Casey Anthony is back in the middle of a media controversy - this time, because the current defense team has filed a motion asking that the judge confirm her indigent status, essentially ordering the State of Florida to pay her legal defense fees and expenses.
First things first, this shouldn't be a big surprise to capital defense lawyers. Once the State of Florida put the death penalty back into the case, the financial cost of defending Casey Anthony skyrocketed. Lots of death penalty lawyers know how fast the money goes, and what it means to have a young, single woman with no visible source of income as the client.
Casey Anthony is providing the nation with a prime example of what it costs to try a Florida indigent defense death penalty case. That's good.
This is not because Casey Anthony's case is something unusual (although there are many ways to characterize the trial for the murder of 2-year-old Caylee Anthony as not the norm). Anytime that the prosecutor decides to pursue capital punishment when trying a defendant, then the state's attorney has defined how big the defense work will be. Not the defense attorney.
Here's why: in each case where the death penalty is at issue, the defense must prepare not only all the issues regarding (1) guilt vs. innocence, but also (2) life vs. death. The life vs. death phase of the trial is called the "sentencing phase," or "penalty phase," and it is here where the prosecution advances its arguments regarding aggravating circumstances, and the defense pursues its arguments regarding mitigating factors.
First issue: is the defendant Casey Anthony indigent? Yes, according to the Orange County Clerk.
It has already been decided by the Orange County Clerk's office that Casey Anthony is indigent. Judge Strickland will approve this determination upon the defense's motion. The Clerk's office makes it decision based upon affidavits and supporting documentation filed with the Clerk. The Judge is having a evidentiary hearing on the matter of his approval of the decision.
Once an individual is found to be indigent under the law, then all those 'right to counsel' laws and court opinions -- all pursuant to the U.S. Constitution -- come into play. Just like any other defendant facing a possible death sentence, Casey Anthony has an indigent's right to effective legal counsel.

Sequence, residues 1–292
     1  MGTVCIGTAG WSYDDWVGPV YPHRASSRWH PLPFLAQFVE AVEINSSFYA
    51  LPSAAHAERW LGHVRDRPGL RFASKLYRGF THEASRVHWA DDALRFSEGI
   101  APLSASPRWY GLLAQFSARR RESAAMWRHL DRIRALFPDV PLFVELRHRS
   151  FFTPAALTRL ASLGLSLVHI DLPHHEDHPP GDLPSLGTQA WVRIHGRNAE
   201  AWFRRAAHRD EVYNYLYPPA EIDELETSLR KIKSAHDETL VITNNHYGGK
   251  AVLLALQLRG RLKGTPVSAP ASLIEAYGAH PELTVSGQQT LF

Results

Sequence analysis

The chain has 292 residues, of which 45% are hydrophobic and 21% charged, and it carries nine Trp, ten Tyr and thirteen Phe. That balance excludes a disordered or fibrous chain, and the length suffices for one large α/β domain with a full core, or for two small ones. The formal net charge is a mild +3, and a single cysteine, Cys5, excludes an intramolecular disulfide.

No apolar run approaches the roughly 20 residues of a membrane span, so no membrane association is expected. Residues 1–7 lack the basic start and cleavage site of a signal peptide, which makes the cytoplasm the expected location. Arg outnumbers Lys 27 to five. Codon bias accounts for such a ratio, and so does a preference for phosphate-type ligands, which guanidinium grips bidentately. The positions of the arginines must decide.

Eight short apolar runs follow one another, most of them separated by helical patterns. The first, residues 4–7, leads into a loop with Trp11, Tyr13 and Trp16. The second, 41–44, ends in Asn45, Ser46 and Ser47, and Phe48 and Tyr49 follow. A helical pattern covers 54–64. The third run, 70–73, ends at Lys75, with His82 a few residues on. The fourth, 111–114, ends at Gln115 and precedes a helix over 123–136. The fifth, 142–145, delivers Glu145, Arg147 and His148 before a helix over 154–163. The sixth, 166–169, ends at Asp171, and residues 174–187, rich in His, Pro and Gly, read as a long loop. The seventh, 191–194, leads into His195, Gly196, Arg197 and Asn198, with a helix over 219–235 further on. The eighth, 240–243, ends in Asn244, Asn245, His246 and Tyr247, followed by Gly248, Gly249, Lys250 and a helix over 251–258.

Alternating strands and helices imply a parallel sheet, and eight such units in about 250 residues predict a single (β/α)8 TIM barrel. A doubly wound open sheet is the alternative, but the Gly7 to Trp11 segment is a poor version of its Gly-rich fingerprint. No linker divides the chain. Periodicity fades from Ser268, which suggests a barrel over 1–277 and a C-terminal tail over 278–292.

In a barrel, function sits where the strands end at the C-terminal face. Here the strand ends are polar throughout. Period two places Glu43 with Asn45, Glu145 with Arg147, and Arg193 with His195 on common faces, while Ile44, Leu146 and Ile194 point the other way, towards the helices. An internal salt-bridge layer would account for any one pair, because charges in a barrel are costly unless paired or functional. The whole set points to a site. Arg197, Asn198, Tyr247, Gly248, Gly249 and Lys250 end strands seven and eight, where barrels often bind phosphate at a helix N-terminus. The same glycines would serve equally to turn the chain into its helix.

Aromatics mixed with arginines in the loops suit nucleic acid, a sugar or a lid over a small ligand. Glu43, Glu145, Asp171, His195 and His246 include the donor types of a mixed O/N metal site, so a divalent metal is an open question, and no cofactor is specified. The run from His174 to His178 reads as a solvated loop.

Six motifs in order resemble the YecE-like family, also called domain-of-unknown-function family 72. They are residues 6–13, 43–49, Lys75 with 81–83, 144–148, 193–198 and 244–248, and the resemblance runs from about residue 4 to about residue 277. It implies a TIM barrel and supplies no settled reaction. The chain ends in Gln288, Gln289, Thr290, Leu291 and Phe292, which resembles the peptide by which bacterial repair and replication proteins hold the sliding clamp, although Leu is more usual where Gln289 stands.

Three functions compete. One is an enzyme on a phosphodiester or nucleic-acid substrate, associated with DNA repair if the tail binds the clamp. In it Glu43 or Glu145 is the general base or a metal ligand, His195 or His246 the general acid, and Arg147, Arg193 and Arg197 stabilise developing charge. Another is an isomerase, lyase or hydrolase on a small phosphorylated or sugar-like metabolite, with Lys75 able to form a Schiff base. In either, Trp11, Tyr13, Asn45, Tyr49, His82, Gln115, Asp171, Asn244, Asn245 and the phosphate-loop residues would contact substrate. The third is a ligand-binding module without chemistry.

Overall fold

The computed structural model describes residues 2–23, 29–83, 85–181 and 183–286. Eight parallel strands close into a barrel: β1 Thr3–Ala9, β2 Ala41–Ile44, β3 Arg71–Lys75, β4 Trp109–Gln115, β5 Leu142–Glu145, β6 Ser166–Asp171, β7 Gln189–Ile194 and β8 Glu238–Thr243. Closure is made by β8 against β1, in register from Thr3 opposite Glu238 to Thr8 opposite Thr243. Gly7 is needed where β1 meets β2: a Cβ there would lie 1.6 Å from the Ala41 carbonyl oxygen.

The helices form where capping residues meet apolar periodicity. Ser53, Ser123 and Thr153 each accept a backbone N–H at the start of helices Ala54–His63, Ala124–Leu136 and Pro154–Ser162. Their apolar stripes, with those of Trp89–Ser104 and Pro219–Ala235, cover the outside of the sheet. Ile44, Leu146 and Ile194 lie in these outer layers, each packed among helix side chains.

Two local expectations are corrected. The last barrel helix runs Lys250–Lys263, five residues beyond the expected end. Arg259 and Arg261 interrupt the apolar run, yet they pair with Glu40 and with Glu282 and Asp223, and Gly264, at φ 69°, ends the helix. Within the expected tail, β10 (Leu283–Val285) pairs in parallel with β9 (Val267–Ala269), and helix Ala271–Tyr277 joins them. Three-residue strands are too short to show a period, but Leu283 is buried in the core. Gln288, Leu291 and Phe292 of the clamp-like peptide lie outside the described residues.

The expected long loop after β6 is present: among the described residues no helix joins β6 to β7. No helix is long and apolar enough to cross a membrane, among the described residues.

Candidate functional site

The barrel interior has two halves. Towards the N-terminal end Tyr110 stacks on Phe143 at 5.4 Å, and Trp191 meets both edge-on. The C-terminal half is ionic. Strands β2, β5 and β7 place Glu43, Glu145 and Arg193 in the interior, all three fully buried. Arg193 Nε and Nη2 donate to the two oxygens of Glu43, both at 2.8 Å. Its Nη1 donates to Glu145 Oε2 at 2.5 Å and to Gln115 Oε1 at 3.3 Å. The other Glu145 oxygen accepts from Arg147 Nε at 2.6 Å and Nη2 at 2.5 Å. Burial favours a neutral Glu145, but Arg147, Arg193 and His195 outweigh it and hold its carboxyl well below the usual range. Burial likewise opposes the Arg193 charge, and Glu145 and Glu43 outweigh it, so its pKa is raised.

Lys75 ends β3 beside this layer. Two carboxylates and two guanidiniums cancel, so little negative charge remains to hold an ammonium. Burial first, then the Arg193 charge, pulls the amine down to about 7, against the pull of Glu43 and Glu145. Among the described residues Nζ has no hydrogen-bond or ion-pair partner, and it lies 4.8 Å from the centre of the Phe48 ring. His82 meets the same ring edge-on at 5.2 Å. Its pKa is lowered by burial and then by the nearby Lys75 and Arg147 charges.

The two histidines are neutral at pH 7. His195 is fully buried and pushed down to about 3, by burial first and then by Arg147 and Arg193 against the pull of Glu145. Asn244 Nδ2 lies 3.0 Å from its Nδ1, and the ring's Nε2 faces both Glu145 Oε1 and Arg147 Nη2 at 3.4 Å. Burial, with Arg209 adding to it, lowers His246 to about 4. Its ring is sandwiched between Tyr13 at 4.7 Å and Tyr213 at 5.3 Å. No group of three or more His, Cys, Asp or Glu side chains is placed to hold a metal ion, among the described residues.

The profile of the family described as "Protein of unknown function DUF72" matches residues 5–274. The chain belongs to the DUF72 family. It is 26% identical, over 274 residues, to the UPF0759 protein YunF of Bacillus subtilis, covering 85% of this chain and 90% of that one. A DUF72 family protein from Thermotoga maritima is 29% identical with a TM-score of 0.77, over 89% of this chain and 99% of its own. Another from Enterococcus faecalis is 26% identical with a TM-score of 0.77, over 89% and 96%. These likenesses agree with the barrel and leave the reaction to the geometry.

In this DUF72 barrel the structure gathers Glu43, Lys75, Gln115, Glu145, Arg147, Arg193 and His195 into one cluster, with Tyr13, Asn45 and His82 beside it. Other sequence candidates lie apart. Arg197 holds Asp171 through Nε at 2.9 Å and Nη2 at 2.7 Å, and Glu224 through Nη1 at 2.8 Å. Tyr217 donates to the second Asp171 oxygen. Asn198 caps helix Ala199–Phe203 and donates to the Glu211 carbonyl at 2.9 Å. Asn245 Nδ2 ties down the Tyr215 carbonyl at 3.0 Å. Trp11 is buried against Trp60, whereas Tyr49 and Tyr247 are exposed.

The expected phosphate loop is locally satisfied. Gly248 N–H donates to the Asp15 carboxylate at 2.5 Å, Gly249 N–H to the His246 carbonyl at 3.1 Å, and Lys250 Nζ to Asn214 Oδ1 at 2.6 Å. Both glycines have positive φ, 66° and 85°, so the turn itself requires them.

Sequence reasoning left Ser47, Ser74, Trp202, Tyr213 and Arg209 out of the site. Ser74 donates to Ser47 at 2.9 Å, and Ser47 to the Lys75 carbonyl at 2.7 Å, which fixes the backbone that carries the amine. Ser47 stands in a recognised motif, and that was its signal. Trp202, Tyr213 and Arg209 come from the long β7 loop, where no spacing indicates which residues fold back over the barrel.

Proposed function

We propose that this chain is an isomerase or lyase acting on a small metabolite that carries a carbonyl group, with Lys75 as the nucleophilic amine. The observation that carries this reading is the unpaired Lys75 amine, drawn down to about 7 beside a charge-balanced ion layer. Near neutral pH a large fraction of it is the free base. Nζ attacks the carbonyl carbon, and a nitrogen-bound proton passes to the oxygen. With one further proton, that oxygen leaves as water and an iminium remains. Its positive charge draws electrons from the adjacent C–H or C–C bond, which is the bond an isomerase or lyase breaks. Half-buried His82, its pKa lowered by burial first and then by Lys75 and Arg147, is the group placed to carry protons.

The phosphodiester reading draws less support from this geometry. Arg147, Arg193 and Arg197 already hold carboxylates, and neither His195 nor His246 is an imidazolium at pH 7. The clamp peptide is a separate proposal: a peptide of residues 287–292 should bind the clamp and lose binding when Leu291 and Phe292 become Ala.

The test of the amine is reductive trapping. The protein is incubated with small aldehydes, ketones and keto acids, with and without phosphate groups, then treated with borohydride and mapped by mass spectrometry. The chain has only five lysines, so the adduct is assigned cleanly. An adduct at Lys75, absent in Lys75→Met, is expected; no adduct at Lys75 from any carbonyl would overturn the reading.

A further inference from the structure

Second issue: will additional information on her financial status cause the Judge to rule differently than the Orange County Clerk on Casey Anthony's Indigent Status?
In a hearing that is being televised by various media, including HLN (the same channel that brings us Nancy Grace and Jane Velez Mitchell), the judge is hearing argument and evidence on how much the State of Florida should pay for Casey Anthony's legal fees and expenses.
You can watch the indigent defense cost hearing online at video provided by the Houston Examiner (examiner.com). Judge Strickland is expected to rule tomorrow (Friday).
Evidence is being provided about what money has been placed into the Casey Anthony defense coffers, and how much is left to defend the death penalty case (trial phase as well as any penalty phase). The Judicial Administrative Commission (JAC) is recommending to the Court that Judge Strickland consider the defense's financial information in detail before making his decision. Others are calling into question why she's asking for indigent status now, when most defendants ask for this at the outset.
How much is left in Casey Anthony's defense budget? That answer is clear: zero.
How much has Anthony collected towards legal fees and expenses? Evidence shows that Anthony has received $200,000 from ABCNews; $70,000 from former defense counsel Californian Todd Macaluso, and $5000 from an anonymous donor. This money has already been spent since Casey was first charged back in 2008.
How was this spent? According to the evidence provided at the hearing, some of the lawyers are working for free (Kinney-Baden; newcomer Cheney Mason) and some have received some legal fees (Baez) and some have had their expenses covered (Lyon).
What does the defense argue that the indigent defense money will cover? Details on what the defense projects have been (and presumably will be) necessary to properly try this case through both phases will be provided to the Judge; however, it's clear that the usual suspects will be there: costs of experts, investigators, transcripts, subpoenas, travel costs, etc.
Costs through the end of trial will continue to grow. Experts at the guilt phase and at the penalty phase will be very different, because different issues are in focus depending upon the issue being addressed. All these experts will be costly, billing by the hour as well as incurring travel time, etc. Mitigating factors need a different kind of expertise than forensic fact-facting during a guilt phase. Practitioners understand this already, without knowing the details of the case.
Casey Anthony is providing a very much needed perspective into the current crisis in indigent defense, both in the State of Florida and across the country. It is very, very expensive to try a death penalty case, no matter who the defendant may be. And when that defendant is indigent, then every single dime of that cost comes out of the taxpayer's pockets.
For more information on the crises facing indigent defense attorneys in death penalty cases ....
We've got a continuing series of articles dealing with the explosive growth of the legal right to counsel and the correlated expense that is entailed over at our JD Supra site. If you're interested in this issue, then please check back there periodically as more articles on this topic are posted.
For even more information, please visit the new website of the Florida Capital Resource Center as it continually adds additional information to support defense attorneys representing defendants in Florida death penalty cases.